ReGen is «developing a technology that you won’t even know it’s there» to build ecovillages based on the principle of circularity
Ecovillages in rural areas
The way cities are designed makes them interconnected and interdependent with the countryside: cities pull people in for the job opportunities and the infrastructure they offer. In turn, they rely on rural or suburban areas for the production of food and raw materials. If the urbanization trend of the past decades remains the same, by 2050 more than two-thirds of the world population will live in cities; but cities are also responsible for the sixty percent of greenhouse gas emissions. ReGen Villages, a spin-off for profit of Stanford University, aims to create ecovillages in rural areas that are hi-tech, sustainable, self-sufficient and based on a circular economy. In its founder’s James Ehrlich’s words, ReGen Villages is an «industrialized approach to the modern eco-village movement using software to design, develop and manage bio-regenerative, resilient neighborhood infrastructure». In the past ten years, research taken into consideration by ReGen have shown a trend towards moving back to rural areas, that had been left unpopulated by the industrial revolution, during which «urban manufacturing industries imposed a narrative that saw rural life as backwards or primitive, if you wanted a real life you had to adjust to the way of life promoted by the city».
Back to the countryside
Thanks to the enforcement of this logic, people were drawn from the rural to the urbanized areas, looking for a job and news perspectives. After the Fifties, cities were able to keep up with the amount of people moving in. After a while, the model proposed by the Big City way of living started to crumble: «for a short period of time urban areas managed to deliver on this promise of the so-called ‘better life’, but over the last forty-fifty years there has been a decline in terms of middle-class earning power, wellbeing and health and an overall failing on these promises», living in a society where «people are more stressed out than ever in cities, because they are required to have two or three jobs just to get through the month». During the past year, after the spread of Covid-19 and the consequent lockdowns, the city life started to show its weaknesses even more. With the possibility of working remotely while maintaining efficiency, living in urbanized centers did not seem so desirable any longer: «the pendulum that seemed to be unbreakable towards the urban areas has begun to swing towards the countryside instead, and right now in the urban areas, of all the major capitals of the world, anyone that could afford to leave has left or is leaving».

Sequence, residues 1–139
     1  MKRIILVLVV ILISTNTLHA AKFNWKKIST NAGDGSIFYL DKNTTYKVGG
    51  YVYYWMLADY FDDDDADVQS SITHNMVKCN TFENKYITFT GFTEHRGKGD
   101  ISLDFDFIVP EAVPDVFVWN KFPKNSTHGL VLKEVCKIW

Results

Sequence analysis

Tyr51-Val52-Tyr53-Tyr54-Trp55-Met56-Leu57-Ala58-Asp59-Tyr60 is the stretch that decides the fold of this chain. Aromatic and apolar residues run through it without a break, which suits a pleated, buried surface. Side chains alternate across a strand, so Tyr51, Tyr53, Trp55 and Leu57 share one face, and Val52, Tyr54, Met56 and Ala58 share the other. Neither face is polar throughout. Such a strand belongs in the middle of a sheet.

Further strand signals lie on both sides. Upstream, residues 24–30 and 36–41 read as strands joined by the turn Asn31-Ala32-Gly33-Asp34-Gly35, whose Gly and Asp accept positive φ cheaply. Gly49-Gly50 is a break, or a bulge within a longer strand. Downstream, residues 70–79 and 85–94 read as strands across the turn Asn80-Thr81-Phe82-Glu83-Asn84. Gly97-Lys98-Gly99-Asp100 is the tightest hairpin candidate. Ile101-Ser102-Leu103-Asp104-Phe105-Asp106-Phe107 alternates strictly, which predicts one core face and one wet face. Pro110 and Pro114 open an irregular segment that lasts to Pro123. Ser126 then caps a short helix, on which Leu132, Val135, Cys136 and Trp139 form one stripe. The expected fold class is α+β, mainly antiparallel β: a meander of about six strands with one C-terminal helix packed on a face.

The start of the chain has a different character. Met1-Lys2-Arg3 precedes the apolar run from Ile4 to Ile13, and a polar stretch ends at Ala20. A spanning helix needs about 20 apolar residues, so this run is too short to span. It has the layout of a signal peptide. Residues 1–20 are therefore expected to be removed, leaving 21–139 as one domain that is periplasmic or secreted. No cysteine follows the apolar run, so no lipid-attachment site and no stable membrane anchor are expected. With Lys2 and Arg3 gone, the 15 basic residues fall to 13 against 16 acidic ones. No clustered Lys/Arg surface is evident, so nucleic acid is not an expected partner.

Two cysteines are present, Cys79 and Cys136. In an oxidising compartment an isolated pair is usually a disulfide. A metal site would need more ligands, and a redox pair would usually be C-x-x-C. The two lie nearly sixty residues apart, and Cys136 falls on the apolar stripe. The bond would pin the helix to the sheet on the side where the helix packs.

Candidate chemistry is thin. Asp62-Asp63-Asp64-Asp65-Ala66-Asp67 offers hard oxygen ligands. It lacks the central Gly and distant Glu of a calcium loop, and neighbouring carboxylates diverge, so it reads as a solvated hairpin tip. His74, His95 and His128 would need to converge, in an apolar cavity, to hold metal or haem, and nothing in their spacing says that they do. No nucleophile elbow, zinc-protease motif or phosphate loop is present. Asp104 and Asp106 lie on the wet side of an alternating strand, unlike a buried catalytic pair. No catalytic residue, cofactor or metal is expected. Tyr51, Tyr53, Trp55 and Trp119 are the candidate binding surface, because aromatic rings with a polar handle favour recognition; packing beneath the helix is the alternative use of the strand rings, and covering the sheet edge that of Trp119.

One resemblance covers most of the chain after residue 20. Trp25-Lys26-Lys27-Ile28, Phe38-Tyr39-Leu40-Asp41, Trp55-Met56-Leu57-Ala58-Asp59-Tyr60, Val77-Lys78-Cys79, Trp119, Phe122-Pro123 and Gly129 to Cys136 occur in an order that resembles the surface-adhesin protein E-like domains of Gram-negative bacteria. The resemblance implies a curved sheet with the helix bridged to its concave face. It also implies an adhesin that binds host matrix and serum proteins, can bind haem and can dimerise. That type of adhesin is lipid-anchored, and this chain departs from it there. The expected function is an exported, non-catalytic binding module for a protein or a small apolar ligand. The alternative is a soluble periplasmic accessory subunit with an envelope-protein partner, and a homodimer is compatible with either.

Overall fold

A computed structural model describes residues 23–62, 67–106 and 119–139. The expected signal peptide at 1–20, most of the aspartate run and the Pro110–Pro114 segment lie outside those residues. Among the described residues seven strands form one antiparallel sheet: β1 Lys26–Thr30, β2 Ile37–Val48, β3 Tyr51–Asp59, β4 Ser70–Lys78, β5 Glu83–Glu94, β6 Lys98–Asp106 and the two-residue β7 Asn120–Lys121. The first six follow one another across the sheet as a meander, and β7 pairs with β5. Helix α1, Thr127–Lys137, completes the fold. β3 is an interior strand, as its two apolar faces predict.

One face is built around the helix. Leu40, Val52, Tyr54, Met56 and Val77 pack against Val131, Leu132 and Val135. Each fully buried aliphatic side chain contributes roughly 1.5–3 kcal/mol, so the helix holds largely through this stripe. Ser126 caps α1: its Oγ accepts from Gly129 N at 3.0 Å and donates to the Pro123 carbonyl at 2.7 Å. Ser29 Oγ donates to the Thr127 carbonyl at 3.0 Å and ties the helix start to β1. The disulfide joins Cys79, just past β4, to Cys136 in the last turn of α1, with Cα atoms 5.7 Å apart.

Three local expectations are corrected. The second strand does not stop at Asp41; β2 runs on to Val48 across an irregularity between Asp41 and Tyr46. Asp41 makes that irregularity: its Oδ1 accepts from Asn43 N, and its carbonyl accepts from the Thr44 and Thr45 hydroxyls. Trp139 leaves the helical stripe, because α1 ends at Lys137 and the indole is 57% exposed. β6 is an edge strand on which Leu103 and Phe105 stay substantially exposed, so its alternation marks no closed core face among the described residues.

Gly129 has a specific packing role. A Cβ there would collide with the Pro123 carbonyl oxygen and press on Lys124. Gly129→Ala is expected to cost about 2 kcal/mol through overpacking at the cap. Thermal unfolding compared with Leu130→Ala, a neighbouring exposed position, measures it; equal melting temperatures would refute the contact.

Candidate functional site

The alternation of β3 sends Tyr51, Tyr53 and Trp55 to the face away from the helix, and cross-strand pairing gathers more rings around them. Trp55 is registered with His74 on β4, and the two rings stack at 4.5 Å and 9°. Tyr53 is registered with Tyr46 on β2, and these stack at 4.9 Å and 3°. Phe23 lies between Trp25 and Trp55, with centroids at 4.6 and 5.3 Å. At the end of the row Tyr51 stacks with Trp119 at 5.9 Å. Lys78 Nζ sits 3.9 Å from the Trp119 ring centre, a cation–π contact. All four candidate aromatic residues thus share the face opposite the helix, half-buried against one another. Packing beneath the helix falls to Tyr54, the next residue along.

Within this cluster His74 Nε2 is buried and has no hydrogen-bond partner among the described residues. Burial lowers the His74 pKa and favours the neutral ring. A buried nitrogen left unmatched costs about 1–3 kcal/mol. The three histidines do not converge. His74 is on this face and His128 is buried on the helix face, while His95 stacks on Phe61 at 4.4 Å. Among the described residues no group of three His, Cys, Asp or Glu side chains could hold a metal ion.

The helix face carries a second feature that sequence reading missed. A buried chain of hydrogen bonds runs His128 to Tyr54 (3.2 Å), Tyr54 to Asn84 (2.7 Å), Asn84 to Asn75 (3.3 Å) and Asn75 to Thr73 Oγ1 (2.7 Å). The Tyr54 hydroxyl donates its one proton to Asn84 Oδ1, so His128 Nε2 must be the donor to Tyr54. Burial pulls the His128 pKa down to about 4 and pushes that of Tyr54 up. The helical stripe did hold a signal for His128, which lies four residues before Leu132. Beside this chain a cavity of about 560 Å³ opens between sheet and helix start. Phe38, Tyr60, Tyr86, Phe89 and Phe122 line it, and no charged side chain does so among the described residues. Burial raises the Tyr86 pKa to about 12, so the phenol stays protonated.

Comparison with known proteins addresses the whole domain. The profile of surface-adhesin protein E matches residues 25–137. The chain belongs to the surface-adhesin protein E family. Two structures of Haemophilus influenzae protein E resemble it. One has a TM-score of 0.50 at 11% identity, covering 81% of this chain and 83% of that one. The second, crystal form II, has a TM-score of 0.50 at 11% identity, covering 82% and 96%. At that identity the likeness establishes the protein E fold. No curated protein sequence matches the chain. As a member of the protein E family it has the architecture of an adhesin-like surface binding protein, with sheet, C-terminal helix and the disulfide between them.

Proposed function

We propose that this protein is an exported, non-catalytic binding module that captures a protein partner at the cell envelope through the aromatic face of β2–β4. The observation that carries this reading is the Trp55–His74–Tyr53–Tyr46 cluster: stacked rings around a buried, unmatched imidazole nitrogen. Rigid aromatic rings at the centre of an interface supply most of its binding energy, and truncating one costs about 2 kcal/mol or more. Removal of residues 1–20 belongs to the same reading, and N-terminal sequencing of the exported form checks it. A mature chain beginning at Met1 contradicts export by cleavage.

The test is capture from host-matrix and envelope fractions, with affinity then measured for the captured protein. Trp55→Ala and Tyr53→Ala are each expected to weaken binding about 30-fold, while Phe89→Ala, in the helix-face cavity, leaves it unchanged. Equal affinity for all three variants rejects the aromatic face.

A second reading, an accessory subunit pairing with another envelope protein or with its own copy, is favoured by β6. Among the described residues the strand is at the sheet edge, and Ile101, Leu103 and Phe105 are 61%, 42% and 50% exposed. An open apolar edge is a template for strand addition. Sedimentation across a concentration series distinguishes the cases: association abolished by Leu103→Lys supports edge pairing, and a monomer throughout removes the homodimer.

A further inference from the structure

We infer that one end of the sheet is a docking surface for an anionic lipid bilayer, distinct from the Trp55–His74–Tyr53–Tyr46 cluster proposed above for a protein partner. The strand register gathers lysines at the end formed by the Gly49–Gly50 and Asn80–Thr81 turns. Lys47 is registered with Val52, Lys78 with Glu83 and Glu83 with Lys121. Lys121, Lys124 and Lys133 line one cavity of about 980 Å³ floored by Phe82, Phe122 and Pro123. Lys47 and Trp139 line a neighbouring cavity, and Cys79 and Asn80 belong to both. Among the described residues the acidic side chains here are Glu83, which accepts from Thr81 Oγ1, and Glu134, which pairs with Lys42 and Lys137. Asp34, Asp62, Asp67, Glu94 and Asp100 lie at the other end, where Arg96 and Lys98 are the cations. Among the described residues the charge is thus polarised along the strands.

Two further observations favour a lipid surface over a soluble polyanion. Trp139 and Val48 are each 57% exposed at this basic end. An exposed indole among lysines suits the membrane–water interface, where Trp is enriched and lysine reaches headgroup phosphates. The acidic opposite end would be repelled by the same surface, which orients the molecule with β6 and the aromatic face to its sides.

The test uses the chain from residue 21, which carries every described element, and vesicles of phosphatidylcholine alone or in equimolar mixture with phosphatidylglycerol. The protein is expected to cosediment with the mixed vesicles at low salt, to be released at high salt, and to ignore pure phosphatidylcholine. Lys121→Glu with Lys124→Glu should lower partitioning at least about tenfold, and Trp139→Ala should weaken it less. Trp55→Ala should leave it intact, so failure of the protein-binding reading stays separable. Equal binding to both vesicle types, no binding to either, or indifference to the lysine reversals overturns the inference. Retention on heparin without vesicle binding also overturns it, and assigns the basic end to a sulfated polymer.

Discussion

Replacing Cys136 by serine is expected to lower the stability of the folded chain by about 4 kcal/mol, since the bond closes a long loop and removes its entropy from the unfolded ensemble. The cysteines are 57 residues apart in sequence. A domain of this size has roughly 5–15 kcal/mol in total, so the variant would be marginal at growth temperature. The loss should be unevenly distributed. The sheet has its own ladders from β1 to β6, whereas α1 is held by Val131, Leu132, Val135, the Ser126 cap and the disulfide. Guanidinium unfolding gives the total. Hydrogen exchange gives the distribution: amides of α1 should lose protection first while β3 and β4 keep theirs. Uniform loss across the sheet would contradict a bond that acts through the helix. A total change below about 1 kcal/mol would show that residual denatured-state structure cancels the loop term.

The solution for a greener society
This is the need that ReGen aims at addressing: providing communities who are seeking for an alternative to cities with a solution that aligns with the need for a greener society. A place where attention is paid to food production, construction, waste and water usage above all and «a steam valve from the stress of urban areas so that the rural areas could build back». With people who used to live in cities for decades, the majority of the population would struggle adjusting to the rhythms and necessities of the countryside: «as a result of the massive urbanization process people have been distant from the rural areas that they have lost all their abilities to till the soil and be close to nature». The resilience and ability to learn and adapt that is inherent to the human mind is also key in the adjustment process. «When we’ve done our research with ecovillages and intentional communities, we have found that when people come together and embrace the local organic farming and permaculture practice, they understand that there is less labor in this way of living than they thought».